Like her former Seinfeld co-stars Jason Alexander and Michael Richards, Julia Louis-Dreyfus has found life after the hit series tough going. All that’s changed though, with her Emmy award-winning show The New Adventures Of Old Christine. As the series arrives in the UAE this week, Time Outlooks at how Julia beat the curse of Seinfeld.
There are few things so pitiful as an unsuccessful actor clinging onto the last dregs of hope of stardom. Conversely, the other side of that perpetual misery is the actor who’s made it big – but subsequently finds themselves forever typecast by their success to ever break free and have a hit with anything new.
From luminaries such as , Henry ‘The Fonz’ Winkler, Mayim ‘Blossom’ Bialik, to Fred ‘Wonder Years’ Savage, the world of TV development hell is full of these ghosts, drifting disconsolately through new shows and films, desperately trying to shed their former screen glories. It’s a sad sight. One such televisual star who was finding herself being slowly sucked into that unforgiving vortex was Julia Louis- Dreyfus, best known as the charmingly dappy Elaine Benes in the 90s sitcom Seinfeld. As she discovered, when one stars in a sitcom that was fêted as being one the greatest TV shows of all time, breaking free from the character will always present problems. The rest of the supporting cast experienced difficulties re-establishing themselves too.
Ironically, probably the most successful ex-Seinfeld alumni is that show’s creator, the misanthropic Larry David, whose black comedy Curb Your Enthusiasm featured a storyline satirising Louis-Dreyfus and former Seinfeld co-star Jason Alexander’s frustrations at not being able to break out of their previous characters.
But now, it seems, the so-called curse of Seinfeld has been well and truly defeated. At last month’s Emmy Awards, Julia Louis-Dreyfus picked up the award for Best Lead Actress in a Comedy Series for her new vehicle; The New Adventures Of Old Christine with the words, ‘I’m not somebody who really believes in curses, but curse this, baby!’
Here in the UAE we can finally find out what all the palaver’s about this week as Christine… finally premieres on Super Comedy on September 7. Adventures Of Old Christine is hardly an original concept, instead returning to the well-worked sitcom furrow of dysfunctional families. Louis-Dreyfus plays a divorced working single mother, Christine Campbell, trying to balance the demands of modern life: raising a young son, facing the dating world again, putting up with her slacker brother, yadda, yadda, yadda, all while maintaining relations with her ex-husband (Clark Gregg) who’s seeing a younger woman, also called Christine – hence the show’s title.
But while the premise is nothing particularly special, it’s the razor-sharp writing and engaging performances from the leads that’s got viewers and critics coming over all warm and fuzzy. Created and co-written by Kari Lizer (who worked as a scriptwriter on the hugely successful sitcom Will & Grace), Lizer claims that the Christine character is loosely based on her own life and was written with the intention of giving Louis-Dreyfus a chance to show a more lovable, caring side to her character that the more flippant Elaine ever did on Seinfeld. While Seinfeld had a strict ‘no hugging, no learning’ rule, fans will be slightly thrown to see her here raising – and caring – for a young child. And as any old Seinfeld fan knows, the chances of Elaine Benes ever doing any such thing (unless there was a devious ulterior motive) were slimmer than Kramer becoming mayor of New York.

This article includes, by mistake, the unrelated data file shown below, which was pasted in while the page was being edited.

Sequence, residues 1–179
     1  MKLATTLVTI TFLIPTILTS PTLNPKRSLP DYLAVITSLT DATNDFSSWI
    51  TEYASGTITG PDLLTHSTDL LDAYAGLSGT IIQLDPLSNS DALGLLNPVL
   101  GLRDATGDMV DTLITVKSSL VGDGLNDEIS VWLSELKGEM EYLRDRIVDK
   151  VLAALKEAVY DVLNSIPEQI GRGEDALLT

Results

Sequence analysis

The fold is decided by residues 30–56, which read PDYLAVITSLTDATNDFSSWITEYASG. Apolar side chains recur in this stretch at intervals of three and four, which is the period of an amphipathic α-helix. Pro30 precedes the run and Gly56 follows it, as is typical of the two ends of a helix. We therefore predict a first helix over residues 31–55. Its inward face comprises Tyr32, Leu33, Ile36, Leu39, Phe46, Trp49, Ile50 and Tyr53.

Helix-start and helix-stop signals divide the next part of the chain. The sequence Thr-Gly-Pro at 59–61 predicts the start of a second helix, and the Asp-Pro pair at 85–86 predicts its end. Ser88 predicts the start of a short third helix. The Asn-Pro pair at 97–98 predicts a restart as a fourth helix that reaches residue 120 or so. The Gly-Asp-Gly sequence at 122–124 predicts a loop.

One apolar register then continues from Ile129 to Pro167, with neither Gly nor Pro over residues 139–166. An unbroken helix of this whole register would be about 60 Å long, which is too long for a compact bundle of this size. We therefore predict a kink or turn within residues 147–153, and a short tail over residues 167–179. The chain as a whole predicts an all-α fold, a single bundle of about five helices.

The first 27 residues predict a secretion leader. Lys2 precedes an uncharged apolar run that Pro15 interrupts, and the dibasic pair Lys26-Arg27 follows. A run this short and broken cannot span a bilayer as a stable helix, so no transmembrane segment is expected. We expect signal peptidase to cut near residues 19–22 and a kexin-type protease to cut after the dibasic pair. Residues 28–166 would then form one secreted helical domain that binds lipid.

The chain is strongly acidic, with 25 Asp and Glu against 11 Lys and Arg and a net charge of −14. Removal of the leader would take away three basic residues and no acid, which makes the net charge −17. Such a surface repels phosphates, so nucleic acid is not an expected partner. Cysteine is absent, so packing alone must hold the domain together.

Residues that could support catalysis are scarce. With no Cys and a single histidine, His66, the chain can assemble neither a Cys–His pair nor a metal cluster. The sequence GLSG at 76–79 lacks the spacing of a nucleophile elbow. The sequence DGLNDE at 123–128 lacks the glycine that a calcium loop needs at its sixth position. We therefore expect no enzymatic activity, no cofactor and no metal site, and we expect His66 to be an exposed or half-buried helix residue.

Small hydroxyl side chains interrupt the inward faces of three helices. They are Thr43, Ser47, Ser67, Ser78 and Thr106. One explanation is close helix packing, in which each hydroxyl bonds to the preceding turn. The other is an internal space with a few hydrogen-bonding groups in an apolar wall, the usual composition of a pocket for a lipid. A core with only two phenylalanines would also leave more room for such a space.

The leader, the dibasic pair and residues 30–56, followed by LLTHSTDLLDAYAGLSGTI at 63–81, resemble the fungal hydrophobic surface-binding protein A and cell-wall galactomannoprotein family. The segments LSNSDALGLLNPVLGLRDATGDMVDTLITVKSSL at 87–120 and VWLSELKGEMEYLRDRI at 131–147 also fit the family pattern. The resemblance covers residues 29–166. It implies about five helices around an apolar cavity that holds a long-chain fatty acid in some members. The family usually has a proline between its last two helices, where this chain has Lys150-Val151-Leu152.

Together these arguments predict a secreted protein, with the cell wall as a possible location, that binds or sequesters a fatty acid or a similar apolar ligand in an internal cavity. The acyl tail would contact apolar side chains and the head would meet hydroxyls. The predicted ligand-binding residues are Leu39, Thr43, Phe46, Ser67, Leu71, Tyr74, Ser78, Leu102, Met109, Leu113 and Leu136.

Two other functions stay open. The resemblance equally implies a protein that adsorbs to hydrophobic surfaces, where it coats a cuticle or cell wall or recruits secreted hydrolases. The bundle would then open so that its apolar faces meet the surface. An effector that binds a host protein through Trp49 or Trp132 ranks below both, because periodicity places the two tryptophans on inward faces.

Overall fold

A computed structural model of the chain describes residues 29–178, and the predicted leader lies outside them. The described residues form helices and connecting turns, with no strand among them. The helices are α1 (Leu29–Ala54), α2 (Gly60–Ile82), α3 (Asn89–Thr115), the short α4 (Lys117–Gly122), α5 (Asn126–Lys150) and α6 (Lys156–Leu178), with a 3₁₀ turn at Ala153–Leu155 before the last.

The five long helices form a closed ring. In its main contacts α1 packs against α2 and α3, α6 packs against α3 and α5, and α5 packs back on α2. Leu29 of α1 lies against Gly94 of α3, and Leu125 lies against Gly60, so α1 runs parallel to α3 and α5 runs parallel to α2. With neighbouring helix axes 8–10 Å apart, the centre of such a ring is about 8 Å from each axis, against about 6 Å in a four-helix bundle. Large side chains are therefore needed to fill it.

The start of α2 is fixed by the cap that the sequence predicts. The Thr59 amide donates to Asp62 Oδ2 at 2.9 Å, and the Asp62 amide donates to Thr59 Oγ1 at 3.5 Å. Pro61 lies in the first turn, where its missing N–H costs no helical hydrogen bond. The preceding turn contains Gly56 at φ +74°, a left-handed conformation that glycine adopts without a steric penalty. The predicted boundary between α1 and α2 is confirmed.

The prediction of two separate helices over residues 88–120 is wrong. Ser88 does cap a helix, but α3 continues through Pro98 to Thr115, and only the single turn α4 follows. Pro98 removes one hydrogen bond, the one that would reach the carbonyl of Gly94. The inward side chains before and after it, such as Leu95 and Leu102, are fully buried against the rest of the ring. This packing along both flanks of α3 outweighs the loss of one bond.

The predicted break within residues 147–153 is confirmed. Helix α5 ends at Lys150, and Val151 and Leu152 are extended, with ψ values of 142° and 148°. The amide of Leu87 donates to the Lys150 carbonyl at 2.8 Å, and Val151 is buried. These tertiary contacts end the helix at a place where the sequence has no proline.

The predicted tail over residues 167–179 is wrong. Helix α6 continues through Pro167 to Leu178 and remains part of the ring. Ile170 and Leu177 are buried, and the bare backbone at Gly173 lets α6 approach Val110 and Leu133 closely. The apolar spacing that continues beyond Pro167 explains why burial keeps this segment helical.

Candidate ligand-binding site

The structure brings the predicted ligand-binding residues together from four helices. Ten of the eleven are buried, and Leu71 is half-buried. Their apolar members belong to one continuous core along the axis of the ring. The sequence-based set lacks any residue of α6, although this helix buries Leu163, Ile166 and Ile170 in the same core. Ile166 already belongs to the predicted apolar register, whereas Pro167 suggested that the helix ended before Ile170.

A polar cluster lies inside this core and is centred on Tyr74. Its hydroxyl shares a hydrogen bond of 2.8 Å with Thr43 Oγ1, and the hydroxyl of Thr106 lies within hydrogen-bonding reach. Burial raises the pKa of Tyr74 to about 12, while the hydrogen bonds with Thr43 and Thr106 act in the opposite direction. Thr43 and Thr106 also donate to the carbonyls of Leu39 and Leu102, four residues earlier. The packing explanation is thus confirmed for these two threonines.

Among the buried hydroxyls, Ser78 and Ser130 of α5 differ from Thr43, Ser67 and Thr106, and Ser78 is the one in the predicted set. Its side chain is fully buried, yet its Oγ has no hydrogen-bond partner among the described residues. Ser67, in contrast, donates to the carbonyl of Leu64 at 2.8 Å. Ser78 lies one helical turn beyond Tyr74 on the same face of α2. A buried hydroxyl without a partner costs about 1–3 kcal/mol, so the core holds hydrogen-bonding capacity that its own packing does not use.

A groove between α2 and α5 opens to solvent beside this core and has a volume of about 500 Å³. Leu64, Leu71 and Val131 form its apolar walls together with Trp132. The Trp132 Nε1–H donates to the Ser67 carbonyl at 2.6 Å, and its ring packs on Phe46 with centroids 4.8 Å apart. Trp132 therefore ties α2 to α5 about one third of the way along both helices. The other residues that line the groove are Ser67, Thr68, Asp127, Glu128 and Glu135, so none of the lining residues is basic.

That said, Louis-Dreyfus still kept close ties with her alma mater and admitted to consulting with Seinfeld creator Larry David before taking the part of Christine. ‘Larry read the script of the pilot when I was debating whether or not to do it,’ said Louis-Dreyfus. ‘He thought it was fantastic and suggested I go forward. Andy Ackerman, who directed Seinfeld for five or six years, is directing all of our shows. So it feels just right.’
Unlike her previous, failed post- Seinfeld project, Watching Ellie, Christine fulfils its writer’s aim of uncovering Louis-Dreyfus’s warm and likeable side. Not too earnest, but just funny, vulnerable and really rather adorable, Christine battles against the slings and arrows of some outrageous misfortunes in her daily life.
The writing rattles along briskly, throwing down the wisecracks and gags with abandon, giving Louis-Dreyfus ample opportunity to exercise that wickedly accurate comic timing (and those amazing facial ticks and expressions) that made Elaine Benes so watchable. For instance, in one episode, preparing to re-enter the world of dating Christine visits a spa but ends up refusing to get a Brazilian because she ‘did that once and it was like a hair arrow pointing to my C-section scar’.
Although her character is blighted with bad luck it seems that Louis- Dreyfus has hit pay dirt and it couldn’t happen to a more deserving actress. ‘You’re unbelievably lucky if you have a hit, but to have two big hits is that much more lucky,’ she said following the failure of her first post-Seinfeld outing. ‘There are hundreds of misses for every hit, and that’s what we’re talking about. But it shouldn’t keep you from trying.’
Of course she’ll never escape her success in previous work and people will always see Elaine Benes when they look at her – ‘I’m going to be asked Seinfeld questions for the rest of my life,’ she admitted. But with the curse broken, an Emmy on the mantelpiece and second series on the way, it’s the start of a new adventure for old Elaine – and at last she can become Queen Of The Castle, the mistress of her own domain.
For Time Out magazine – click here for original PDF – The New Adventures of Old Christine